That word alone brings forth a variety of responses and emotions, largely of course depending on the quality of your relationship with your earthly father. For some, the word “father” stirs up in their minds memories of safety, security and strength as they mentally rehash a father who bore the title well. For others with contrasting memories of a father who was harsh, cruel or even abusive, the very notion of “father” is met with varying intensities of disappointment and anger.
And yet there is Scripture, dragging up that word for us to consider God as “father”.
What must be said of God if He is a Father? What kind of Father is He? Is He a good Father that compassionately invites His children into His presence with welcoming arms, or is He cruel, making it right to run from Him in terror? Let us together dive into these questions.
I will start by saying that before all things God is a Father. If this assertion strikes you odd, consider that before God ever spoke a star into existence or made a man in His image, there was the Triune Godhead existing in perfect harmony (Father, Son and Spirit). It is sufficient to say that before God made the light and darkness on day 1 of creation and took on the title “Creator”, He eternally bore another position: “Father.”
Michael Reeves, in his book Delighting in the Trinity, notes this: “Since God is, before all things, a Father, and not firstly a Creator or Ruler, all His ways are beautifully fatherly. It is not that this God “does” being father as a day job, only to kick back in the evenings as ‘plain old God.’ It is not that He has a nice blob of fatherly icing on top. He is Father. All the way down. Thus all that He does He does as Father.”
Considering His Character
So how do we best determine the character of God as Father? Let’s briefly look at the eternal relationship between the Father and Son.
In Scripture, between God the Father and God the Son we see:
- The Father has loved the Son “before the foundation of the world” (John 17:24)
- The Father, from that heart of love, gives to the Son (John 3: 35)
- The Father, from that heart of love, reveals His ways to the Son that they may be in harmony together (John 5:20)
- The Father, from that heart of love, makes a declaration to all who would hear how He loves His Son and how pleased He is by His Son (Matthew 3:17)
But this love is not a love extended in one direction. The love is reciprocated, as the Son makes it very plainly clear how He loves His Father. Consider:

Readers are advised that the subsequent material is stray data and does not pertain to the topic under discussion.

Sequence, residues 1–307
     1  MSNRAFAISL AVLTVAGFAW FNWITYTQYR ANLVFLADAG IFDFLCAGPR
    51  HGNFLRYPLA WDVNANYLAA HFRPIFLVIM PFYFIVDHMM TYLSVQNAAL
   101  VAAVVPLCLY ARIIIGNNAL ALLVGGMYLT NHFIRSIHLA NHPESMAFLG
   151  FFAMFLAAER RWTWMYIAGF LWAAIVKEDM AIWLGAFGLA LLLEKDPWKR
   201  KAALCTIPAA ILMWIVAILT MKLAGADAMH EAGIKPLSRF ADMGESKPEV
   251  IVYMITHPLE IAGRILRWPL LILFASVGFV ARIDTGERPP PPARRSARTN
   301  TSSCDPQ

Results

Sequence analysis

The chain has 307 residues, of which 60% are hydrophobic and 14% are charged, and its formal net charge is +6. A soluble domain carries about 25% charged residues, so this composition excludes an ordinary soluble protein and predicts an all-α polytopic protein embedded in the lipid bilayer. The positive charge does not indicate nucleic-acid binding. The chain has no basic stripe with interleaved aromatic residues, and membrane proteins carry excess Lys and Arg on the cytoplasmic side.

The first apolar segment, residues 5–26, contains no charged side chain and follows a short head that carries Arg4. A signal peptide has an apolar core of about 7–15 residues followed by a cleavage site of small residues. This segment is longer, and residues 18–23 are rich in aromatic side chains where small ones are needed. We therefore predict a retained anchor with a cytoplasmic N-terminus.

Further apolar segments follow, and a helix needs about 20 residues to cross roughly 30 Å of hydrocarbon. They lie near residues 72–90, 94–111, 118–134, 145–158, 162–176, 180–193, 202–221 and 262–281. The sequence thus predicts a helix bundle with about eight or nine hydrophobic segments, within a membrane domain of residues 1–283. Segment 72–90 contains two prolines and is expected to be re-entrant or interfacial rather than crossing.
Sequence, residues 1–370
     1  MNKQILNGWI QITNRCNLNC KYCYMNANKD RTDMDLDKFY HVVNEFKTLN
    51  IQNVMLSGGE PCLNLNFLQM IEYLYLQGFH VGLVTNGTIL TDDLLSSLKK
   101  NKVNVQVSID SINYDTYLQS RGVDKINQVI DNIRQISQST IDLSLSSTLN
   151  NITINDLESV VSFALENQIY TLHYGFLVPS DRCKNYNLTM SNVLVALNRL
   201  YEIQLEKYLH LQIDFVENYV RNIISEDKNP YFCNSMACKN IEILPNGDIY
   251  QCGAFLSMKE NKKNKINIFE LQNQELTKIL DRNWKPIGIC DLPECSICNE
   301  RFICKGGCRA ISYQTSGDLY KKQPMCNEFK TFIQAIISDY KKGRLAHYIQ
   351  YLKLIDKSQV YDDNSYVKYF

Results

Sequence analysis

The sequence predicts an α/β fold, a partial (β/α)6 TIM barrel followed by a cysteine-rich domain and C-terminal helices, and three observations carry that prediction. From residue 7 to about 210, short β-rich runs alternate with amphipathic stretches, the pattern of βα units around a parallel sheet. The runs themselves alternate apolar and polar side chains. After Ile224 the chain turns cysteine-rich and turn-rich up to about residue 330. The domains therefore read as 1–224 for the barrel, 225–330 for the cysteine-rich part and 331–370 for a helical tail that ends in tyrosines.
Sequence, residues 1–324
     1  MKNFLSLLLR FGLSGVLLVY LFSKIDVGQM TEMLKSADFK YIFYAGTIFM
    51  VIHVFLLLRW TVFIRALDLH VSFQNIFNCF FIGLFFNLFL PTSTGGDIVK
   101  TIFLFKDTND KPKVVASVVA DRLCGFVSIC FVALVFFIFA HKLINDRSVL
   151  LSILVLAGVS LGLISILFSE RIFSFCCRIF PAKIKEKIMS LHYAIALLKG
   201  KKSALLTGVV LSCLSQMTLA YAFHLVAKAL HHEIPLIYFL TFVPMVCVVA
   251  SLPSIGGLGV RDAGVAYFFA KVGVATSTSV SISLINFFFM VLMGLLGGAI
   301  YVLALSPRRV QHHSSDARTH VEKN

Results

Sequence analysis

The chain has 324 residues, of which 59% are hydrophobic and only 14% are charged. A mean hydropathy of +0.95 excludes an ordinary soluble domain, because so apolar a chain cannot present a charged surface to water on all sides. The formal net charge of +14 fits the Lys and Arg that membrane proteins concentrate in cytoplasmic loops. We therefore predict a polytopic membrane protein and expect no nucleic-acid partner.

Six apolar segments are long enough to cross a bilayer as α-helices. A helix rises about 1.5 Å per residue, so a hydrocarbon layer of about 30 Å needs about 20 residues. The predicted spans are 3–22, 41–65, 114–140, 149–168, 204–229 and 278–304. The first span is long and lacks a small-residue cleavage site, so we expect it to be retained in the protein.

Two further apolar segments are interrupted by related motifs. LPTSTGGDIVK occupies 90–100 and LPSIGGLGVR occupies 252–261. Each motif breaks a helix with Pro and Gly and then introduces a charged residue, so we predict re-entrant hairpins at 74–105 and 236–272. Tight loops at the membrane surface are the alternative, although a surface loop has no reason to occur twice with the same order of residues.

- The Son’s desire to testify to the world of the love He has for His Father (John 14:31a)
- The Son’s desire to do exactly what the Father sent Him to do (John 14:31b)
- The Son’s desire to be sustained more by obeying His Father than even being sustained by food (John 4:34)
- The Son’s desire to draw close to His Father in prayer (Luke 5:16 for example)
It seems plainly clear from Scripture that this Father loves His Son. This Father delights in, rejoices over, celebrates and gives to the Son. And the Son…He loves His Father by fulfilling the will of His Father, by testifying of His Father, and by intimately communing with His Father. Indeed, this is a harmonious relationship between Father and Son!
What does the Trinity have to do with me?
If you’ve read this far, some fair questions may exist in your mind: “Why make this list, and in doing so highlight the relationship between the first two members of the Trinity? Why go through the work of painting their relationship for us to read? What does THEIR love have to do with God and ME?”
To that set of questions, consider these words from Christ in John 15:9: “As the Father has loved me, so have I loved you.” To this statement one may rebuttal that this only testifies of God the Son’s love for me, but doesn’t say ANYTHING of God the Father loving me. Consider then Christ’s words in John 14:9-10, as Jesus testifies to Philip this truth: “Whoever has seen me has seen the Father…I am in the Father, and the Father is in me.”
Jesus is saying that He and the Father are one in heart, that God the Son is the full revelation of God the Father.
In other words, if you’ve seen Christ then you’ve seen the Father. Furthermore, if you’ve seen the love the Father has for the Son, then know that through Christ that is the quality of love extended to all of God’s children. Consider that just as the Father delights in the Son, so He delights in all of His children. Just as the Father gives to the Son, so the Father lavishly gives to all of His children. Just as the Father has loved the Son before the foundation of the world, so too has He loved all of His children before the foundations of the world (Ephesians 1:4).
John Calvin says this in his commentary on John’s Gospel: “The love with which God loves is none other than that which He loved His Son from the beginning…that we might be partakers of the same love and enjoy it forever.”
Our Perfect Father
Christian, you are loved by the Father the same way that He loves His Son. You are delighted in, rejoiced over and celebrated always by this Father. Furthermore, this is a GOOD Father, who watches over, safeguards and keeps His children. It’s not merely that He bears the title of “Father” well…He bears it perfectly.
And how long will God be a good, loving and compassionate Father toward His children?
“Everlasting”. For all time, enduring through all things. In other words, nothing could separate you from His beautifully fatherly nature.
Isn’t that good news to consider this Christmas season?
Pastor Nathan Fox
PASTOR OF STUDENT MINISTRIES
Nathan began in 2016 and enjoys reading, watching or playing sports, taking walks with his wife Ashley, and going to Fresh Market to “sample” candy!
Hear Nathan’s story on The Alongside Podcast – CLICK HERE.